How does one search for musical content that cannot be located by metadata? These websites, each of which employs a different approach, will show you how.
- 1 Cantorales de la Biblioteca Nacional de Espana
- 2 Cantus Index
- 3 Dutch Song Database and Search Engine (Nederlandse Liederenbank)
- 4 E-manuscripta
- 5 Europeana: Search Engine for European (Music) Sources
- 6 European History Primary Sources
- 7 Gallica
- 8 Global Chant
- 9 Index to Opera and Ballet Sources Online
- 10 The Internet Culturale
- 11 Machaut (Mirador) Viewer
- 12 Munich Digital Manuscript Collection
- 13 MusicBrainz
- 14 Musiconn (Successor of ViFaMusik)
- 15 Musiekschatten (Music Treasures)
- 16 Open Music Library
- 17 Peachnote Music n-Gram Viewer
- 18 RISM Music Manuscript Inventory
- 19 Schoenberg Database of Manuscripts
- 20 SIMSSA
- 21 Song Helix (repertory search)
- 22 Themefinder: Music-Incipit Search
- 23 World Digital Library
Cantorales de la Biblioteca Nacional de Espana
This search site for individual chants found in Canorales (choir books) of Spanish libraries can be searched by text or musical incipit. (Click on the musical staff and enter at least two notes to see how the music search works.) The advanced search (Busqueda avanzada) provides a dozen fields, including feast days.
Website: Cantus Index
The Cantus Index, managed at the University of Waterloo (CA), is a network of 11 international projects (as of 2016) that have adopted the data format and identifier system of the Cantus Manuscript Database. These projects are devoted the creation and distribution of electronic inventories of medieval chant manuscripts. With the Cantus Index as the “hub,” the Index provides a central catalogue of chant texts and melodies for the Office and Mass. Searches in Cantus Index of both texts and melodies return results in all partner databases. The projects currently searched include these separately listed repositories:
- Antiphonale Synopticum (Harald Buchinger, Universität Regensburg, DE)
- Cantus Manuscript Database (Debra Lacoste, University of Waterloo, CA)
- Cantus Planus in Polonia (Bartosz Izbicki, Warszawa, Poland)
- Cantus Ultimus (Ichiro Fujinaga, McGill University, Montréal, CA)
- Comparatio (Claire Maître, CNRS, Paris, FR)
- Fontes Cantus Bohemiae (Jan Koláček and David Eben, Prague, CZ)
- Gregorien.info (Inga Behrendt, Masaryk University, CZ)
- Hungarian Chant Database (Gàbor Kiss, Budapest, HU)
- Musica Hispanica (Carmen Julia Guttiérez, Universidad Complutense, Madrid, ES)
- Portuguese Early Music Database (Manuel Pedro Ferreira, Lisbon, PT)
- Slovakian Early Music Database (Eva Veselovskà, Bratislava, SK)
User contributions are welcomed.
Dutch Song Database and Search Engine (Nederlandse Liederenbank)
The Dutch Song database (Nederlandse Liederenbank) lists 150,000 songs in Dutch and Flemish from the middle ages through the 20th century. It includes love songs, satirical songs, Beggar songs, psalms and other religious songs, folksongs, children's songs, holiday songs, and much else. Among the other searches supported, its melodic search engine is particularly effective.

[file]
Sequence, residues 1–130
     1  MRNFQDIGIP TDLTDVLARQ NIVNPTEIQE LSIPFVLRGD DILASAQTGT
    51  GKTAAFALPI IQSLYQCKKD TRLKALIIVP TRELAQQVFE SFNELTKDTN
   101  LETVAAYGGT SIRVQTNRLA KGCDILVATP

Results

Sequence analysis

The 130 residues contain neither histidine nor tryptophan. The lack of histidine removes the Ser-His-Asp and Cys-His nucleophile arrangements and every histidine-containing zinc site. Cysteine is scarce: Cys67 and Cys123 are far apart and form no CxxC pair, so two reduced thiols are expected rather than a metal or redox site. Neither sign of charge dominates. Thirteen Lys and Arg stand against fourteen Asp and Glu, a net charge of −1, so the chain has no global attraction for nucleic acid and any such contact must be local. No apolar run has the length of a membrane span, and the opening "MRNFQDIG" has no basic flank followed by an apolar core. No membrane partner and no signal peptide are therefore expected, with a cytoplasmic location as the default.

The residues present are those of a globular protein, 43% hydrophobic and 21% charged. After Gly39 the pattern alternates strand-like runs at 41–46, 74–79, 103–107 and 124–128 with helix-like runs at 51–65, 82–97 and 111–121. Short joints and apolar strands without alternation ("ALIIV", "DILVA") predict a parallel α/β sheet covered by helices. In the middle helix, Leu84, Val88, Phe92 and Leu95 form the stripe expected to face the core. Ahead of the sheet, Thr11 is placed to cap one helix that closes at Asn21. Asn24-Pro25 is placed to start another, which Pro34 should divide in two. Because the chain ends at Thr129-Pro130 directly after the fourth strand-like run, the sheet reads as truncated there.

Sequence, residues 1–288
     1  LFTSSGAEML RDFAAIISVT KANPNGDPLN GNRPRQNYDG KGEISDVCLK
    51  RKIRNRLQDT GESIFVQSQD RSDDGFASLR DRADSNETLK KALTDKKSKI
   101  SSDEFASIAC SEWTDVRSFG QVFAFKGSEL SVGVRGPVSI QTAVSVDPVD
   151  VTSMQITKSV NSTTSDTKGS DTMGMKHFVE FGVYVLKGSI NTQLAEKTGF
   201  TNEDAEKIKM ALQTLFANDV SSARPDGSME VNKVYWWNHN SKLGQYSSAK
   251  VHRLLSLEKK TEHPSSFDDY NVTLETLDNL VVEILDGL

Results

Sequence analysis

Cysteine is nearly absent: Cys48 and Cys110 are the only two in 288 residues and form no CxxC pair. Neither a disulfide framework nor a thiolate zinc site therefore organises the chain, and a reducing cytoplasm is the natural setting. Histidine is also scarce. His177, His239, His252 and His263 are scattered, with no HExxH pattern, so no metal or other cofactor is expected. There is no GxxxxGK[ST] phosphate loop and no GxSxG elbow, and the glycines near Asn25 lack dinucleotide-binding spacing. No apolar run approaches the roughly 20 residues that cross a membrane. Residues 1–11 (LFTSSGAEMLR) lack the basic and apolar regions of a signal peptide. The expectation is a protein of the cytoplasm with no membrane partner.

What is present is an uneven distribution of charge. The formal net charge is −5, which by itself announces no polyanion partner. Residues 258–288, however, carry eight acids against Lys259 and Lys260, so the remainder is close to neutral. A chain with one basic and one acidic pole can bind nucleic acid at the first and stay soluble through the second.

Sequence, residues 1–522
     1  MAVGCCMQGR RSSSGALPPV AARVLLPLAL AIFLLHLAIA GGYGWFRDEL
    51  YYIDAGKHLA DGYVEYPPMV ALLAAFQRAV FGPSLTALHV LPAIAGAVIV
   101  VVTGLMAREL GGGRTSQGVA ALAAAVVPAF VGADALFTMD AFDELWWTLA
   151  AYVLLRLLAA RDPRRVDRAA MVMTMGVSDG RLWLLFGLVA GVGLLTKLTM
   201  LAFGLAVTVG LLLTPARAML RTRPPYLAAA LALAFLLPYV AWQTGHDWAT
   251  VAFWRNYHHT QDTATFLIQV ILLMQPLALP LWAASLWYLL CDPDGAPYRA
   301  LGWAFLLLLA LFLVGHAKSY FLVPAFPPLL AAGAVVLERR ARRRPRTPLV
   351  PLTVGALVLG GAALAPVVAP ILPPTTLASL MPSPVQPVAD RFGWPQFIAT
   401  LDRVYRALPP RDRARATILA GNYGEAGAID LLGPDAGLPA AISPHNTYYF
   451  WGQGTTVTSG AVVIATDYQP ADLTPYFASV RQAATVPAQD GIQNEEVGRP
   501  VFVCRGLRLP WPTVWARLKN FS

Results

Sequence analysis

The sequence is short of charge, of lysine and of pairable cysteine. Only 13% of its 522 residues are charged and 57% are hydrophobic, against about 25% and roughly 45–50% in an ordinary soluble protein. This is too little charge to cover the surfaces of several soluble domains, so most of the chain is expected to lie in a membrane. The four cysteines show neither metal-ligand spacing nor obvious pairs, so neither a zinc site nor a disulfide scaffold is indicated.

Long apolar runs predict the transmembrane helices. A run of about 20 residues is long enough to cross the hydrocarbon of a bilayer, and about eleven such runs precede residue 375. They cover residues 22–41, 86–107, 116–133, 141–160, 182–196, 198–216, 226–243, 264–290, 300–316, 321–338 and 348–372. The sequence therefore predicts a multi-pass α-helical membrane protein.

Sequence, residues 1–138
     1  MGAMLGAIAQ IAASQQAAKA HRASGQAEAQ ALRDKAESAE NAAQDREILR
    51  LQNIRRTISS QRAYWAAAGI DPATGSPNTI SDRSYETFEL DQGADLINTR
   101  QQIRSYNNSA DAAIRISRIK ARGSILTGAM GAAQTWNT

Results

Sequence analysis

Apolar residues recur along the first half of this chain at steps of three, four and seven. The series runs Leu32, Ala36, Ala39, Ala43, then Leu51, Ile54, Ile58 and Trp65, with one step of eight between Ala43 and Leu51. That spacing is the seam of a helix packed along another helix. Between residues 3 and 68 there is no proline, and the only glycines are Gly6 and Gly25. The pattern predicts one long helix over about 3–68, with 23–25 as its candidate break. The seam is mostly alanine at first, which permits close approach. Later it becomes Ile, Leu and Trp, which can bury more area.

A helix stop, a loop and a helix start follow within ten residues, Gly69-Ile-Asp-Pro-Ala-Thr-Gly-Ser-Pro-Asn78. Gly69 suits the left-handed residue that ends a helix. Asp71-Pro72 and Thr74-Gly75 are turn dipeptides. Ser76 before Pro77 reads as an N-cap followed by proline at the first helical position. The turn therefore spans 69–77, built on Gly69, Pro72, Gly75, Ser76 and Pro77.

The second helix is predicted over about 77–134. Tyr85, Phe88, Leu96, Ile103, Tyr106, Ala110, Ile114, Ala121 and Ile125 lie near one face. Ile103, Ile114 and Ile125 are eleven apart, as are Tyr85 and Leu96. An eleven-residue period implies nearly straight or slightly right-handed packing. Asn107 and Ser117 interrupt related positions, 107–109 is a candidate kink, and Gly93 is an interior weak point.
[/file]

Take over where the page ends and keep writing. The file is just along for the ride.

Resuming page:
Sources include sources for all these songs are songbooks, songsheets (broadsides), song manuscripts and fieldwork recordings. The Meertens Institute (Amsterdam) compiled the database, which is now maintained by the Centre for Documentation and Research on Dutch Song. The impetus for starting the project came from the Utrecht ensemble Camerata Trajectina, which has now donated its recordings to the website. In 2014 the project was awarded the Dutch Data Prize in Humanities and Social Sciences.
This comprehensive portal for materials in Swiss libraries serves scores, photographs, letters, pedagogical materials, and much else. The five-leaf recorder tutor (from a sixteenth-century manuscript) shown at the side represents its heterogeneity, which also extends to sixteenth-century part-books, organ tablatures, correspondence by Martin Luther, photographs of Ferruccio Busoni, and a thousand maps. It also supports user-generated transcriptions.
Europeana: Search Engine for European (Music) Sources
This umbrella site for European digitization projects covers a great deal besides music. To start, limit the search by an obvious word for music (musique, musica, Musik, etc.). This will give you an idea of how to further limit the search. Europeana is updated often. Among the items that should be visible are music prints, manuscripts, newspapers dedicated to music, sheet-music, audio files, etc. Since Europeana is an aggregation, it provides links back to the sponsoring libraries that hold the original sources. The site can be searched in many languages.
European History Primary Sources
The focus of his comprehensive site is the "history, language, literature, politics and culture of East, Central East and South East European countries and regions." It offers access both directly and indirectly through search engines. EHPS can also search across resources, a capability that other forms of access do not usually offer. It provides links to country-based websites. The music "topic" search produces random results among which are some that may not be familiar from other umbrella resources. The alternative Osmikon interface is in German.